Opinion Column

Parent finds musical connection

Leo Knight Prime Time Crime columnist 24 hours (PHOTO SUBMITTED).

By Leo Knight, Law and Order, 24 hours Vancouver

The Kennedy family performing in Victoria. (LEO KNIGHT)

The Kennedy family performing in Victoria. (LEO KNIGHT)

The media has been abuzz lately with stories about young folks dying at various music festivals across Canada. Parents were shocked their kids would be taking drugs. They were good kids, did well at school, and all that. 

The reality, I suspect, is most parents really didn’t know their kids. How else to explain the disconnect?

Too often, in this day and age, parents juggling busy schedules with working careers don’t actually participate in their kids’ lives. They interact with them to a point, but they don’t actually participate, hold them accountable for bad decisions, or teach them right from wrong. Some parents believe their kids can do no wrong. But they don’t really know.

But other parents really get involved with their kids. On the weekend, I was in Victoria’s harbour and was taken aback by one of the busker acts playing.

Caleb Kennedy, a professional musician, was playing with his daughter Autumn, 15, and son, Cairo, 12. They attracted an enthusiastic crowd as they wound their way through a repertoire that included everything from the Beatles to the Barenaked Ladies.

What struck me first was young Cairo, playing a stand-up bass fiddle that was a couple of feet taller than he stood. As I listened, what really came through was their passion as a family for what they were doing. They were good musically, with dad playing guitar and doing lead vocals, Autumn providing harmony and background vocals, and Cairo on that big bass fiddle. But their sense of loving what they were doing together was obvious.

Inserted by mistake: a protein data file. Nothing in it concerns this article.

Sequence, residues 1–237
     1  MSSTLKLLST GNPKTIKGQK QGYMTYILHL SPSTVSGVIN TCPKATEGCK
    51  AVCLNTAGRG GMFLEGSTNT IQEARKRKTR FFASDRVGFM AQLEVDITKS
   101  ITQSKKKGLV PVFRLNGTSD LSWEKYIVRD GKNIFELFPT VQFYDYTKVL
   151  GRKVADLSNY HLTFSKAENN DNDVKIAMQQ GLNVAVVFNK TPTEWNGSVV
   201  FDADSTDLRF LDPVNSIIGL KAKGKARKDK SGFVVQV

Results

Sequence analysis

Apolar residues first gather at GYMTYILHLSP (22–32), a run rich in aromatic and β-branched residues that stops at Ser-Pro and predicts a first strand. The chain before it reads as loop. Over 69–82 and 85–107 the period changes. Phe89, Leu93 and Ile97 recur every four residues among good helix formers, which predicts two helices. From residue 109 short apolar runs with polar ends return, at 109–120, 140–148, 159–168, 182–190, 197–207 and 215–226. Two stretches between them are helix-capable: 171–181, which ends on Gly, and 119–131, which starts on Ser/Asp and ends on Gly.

They all have interests in music with their own bands and musical projects, but for the past three years they have come together to play most nights on the esplanade in the inner harbour. They had to audition to be able to get the licence needed to play there.

I asked Cairo how he came to play an instrument that was so much bigger that he was.

“I’m not allowed to have electronics down here,” he said. “We were trying to find a way I could play bass here and our friend had a stand-up bass. I tried it and I could play it.” And could he.

I then asked Caleb what it means as a dad to be performing with his kids.

“The fact that I get to perform with my kids is awesome. And the fact that they are doing so well — it feels great. I really couldn’t ask for a better situation. I feel really lucky”

Lucky? Perhaps. But I suspect his participation in their lives creates that luck.

Leo Knight is a former police officer, security expert and host of primetimecrime.com.  

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